War against Taleban spreads into Pakistan

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THE centre of Mingora as well as large parts of the provincial capital of Swat have been destroyed and are rubble after five weeks of fighting carried out by the Pakistani army on the orders of the US.

Local people say that this is no ‘great victory’ for the Pakistan army and the Anglo-American ruling classes. Two million people have been turned into refugees, only 20 Taleban have been killed, but at least 3,000 local people have been slaughtered in the shelling and the bombing carried out by the Pakistani army.

The surviving locals are convinced that the Taleban will be back and that the struggle will be a protracted one.

The International Red Cross has said it is ‘gravely concerned’ by the humanitarian situation in Swat.

Water and electricity are not available, there is no fuel for generators, no medical facilities and just a little food, it said.

Fawad Hussein, of the United Nations office for the co-ordination of humanitarian affairs, confirmed that there is no electricity supply, and the wells are not working. People are being forced to use alternative water sources, causing water-borne diseases of all kinds.

Army spokesman Major General Abbas has said that the remaining militants are being hunted down, but he could not confirm when the army’s operation in the area will be complete.

‘It’s difficult to give a timeline because this is an elusive enemy that has strongholds in the countryside,’ he said.

The US is giving full backing to the Pakistani operations, which are linked to its own offensive against the Taleban in Afghanistan.

In fact, the struggle is spreading wider and developing further.

A bomb blast at a busy bus terminal in north-west Pakistan has killed at least two people and injured eight others, officials say. The blast took place in Kohat, an important garrison town in North-West Frontier Province (NWFP).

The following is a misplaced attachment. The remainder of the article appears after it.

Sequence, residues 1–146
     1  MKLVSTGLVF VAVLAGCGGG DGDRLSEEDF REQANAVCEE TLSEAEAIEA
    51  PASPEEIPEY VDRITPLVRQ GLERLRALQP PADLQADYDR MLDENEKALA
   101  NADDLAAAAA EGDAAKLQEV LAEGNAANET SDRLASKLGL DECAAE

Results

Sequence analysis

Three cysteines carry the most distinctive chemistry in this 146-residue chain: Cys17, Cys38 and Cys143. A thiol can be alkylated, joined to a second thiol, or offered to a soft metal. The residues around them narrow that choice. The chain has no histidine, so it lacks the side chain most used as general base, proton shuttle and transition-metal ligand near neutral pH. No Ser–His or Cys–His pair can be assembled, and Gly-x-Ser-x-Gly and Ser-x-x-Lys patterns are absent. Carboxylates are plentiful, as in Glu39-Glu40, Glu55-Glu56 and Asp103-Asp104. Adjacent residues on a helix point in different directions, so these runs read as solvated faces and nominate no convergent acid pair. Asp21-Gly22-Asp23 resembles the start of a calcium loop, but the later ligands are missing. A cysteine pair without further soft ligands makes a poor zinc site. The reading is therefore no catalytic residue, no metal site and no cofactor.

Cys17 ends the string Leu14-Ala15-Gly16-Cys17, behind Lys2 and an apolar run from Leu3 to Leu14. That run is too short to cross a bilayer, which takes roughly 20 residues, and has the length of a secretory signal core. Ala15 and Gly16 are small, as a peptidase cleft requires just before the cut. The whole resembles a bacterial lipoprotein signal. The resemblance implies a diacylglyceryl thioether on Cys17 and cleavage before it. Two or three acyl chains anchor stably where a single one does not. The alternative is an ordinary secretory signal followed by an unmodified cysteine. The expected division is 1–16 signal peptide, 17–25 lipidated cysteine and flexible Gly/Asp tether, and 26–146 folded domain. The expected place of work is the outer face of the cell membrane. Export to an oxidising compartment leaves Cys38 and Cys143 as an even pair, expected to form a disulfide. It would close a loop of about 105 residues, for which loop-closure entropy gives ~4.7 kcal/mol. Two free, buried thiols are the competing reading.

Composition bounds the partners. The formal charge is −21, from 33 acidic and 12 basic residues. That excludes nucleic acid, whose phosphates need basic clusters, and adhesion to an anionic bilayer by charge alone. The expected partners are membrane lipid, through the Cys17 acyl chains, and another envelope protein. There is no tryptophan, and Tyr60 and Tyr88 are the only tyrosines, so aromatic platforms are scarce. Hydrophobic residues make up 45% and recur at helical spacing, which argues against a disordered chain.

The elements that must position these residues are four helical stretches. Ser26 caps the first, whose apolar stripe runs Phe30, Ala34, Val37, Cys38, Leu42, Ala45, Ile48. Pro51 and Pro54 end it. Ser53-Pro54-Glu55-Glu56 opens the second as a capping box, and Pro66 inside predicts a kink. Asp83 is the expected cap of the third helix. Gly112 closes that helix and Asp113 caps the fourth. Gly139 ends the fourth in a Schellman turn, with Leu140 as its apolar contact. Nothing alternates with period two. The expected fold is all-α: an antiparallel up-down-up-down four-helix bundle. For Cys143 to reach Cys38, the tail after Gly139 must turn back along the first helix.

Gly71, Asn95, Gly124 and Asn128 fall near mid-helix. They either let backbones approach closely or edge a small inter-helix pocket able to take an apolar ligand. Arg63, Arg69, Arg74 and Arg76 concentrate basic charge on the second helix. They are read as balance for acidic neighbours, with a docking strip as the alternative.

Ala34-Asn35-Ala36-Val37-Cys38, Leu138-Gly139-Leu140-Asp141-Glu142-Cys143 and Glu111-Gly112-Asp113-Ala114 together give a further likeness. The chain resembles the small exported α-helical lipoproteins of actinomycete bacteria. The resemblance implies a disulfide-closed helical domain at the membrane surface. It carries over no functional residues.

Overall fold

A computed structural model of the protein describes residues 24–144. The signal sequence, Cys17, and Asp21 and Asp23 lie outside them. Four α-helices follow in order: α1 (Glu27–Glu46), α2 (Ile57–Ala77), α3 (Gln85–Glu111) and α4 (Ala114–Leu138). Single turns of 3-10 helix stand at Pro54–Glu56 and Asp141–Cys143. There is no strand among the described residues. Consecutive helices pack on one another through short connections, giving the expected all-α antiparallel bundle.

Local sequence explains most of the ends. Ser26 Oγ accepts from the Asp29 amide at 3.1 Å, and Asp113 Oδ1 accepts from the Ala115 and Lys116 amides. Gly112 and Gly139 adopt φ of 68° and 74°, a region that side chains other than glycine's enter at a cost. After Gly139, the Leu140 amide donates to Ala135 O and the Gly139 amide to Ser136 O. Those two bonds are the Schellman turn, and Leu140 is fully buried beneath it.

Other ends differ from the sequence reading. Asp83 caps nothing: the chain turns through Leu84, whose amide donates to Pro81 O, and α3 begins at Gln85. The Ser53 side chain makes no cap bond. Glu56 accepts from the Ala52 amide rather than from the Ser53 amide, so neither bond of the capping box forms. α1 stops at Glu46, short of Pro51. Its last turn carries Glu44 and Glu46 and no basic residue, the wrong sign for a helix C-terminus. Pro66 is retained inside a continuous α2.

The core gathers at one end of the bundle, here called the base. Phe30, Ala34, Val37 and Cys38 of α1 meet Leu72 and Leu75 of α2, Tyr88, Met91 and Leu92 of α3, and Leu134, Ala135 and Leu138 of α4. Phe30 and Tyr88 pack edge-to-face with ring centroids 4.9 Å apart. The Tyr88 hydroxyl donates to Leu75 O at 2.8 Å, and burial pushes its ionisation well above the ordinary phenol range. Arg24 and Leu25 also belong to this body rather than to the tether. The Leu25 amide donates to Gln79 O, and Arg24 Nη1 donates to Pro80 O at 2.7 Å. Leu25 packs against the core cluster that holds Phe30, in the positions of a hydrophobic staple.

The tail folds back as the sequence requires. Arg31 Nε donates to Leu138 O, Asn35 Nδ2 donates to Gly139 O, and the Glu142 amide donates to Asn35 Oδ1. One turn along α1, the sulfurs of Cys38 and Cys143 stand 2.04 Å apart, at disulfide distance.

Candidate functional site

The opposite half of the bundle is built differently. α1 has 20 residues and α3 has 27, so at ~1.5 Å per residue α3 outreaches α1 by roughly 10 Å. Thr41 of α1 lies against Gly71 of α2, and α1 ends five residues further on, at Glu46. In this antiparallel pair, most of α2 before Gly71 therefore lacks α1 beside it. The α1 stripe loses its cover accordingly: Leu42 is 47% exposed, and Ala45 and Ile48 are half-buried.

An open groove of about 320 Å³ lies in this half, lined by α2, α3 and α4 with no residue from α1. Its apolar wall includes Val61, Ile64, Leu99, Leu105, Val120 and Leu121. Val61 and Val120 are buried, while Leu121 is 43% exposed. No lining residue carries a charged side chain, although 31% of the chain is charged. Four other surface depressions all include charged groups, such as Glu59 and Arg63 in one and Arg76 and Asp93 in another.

Pakistani troops are engaged in a military offensive against the Taleban in nearby Swat Valley and other areas.

Last Thursday there were Taleban attacks in Peshawar, the capital of NWFP. A day earlier, a massive attack in Lahore, which targeted buildings belonging to the police and intelligence agency, the ISI, killed at least 24 people.

More than 200 people were injured in the explosion.

Taleban militants have warned of more such attacks in the coming days across Pakistan in response to the army’s operation in the Swat Valley, near the Afghan border.

Meanwhile more US and British troops are arriving in Afghanistan to carry through the surge there. This involves hot pursuit across the Afghan border into Pakistan as well as cross-border air raids.

Last Monday, Pakistani troops pressed their offensive against the Taleban in the northwest Swat district, encircling Charbagh town.

Last Saturday planes dropped leaflets warning people to evacuate ahead of possible operations, and a curfew was relaxed on Sunday to enable civilians to leave the area, which has a population of 20,000-25,000.

Charbagh lies 20 kilometres north of Mingora and has been described as one of the most important Taleban strongholds after Peochar.

Meanwhile unmanned US drones have eliminated about half of 20 ‘high-value’ Al-Qaeda targets inside Pakistan.

These Predator attacks have killed many civilians.

The Pakistani army is not defeating the Taleban, Rather, its attacks on the cities are increasing support for the Taleban.

It is only a matter of time before US and UK forces take action on the ground, inside Pakistan, in support of the Pakistani army. This will expand the conflict into a new Vietnam war. The British trade unions must mount a campaign of industrial and political action to stop this imperialist war and recall all British troops to the UK.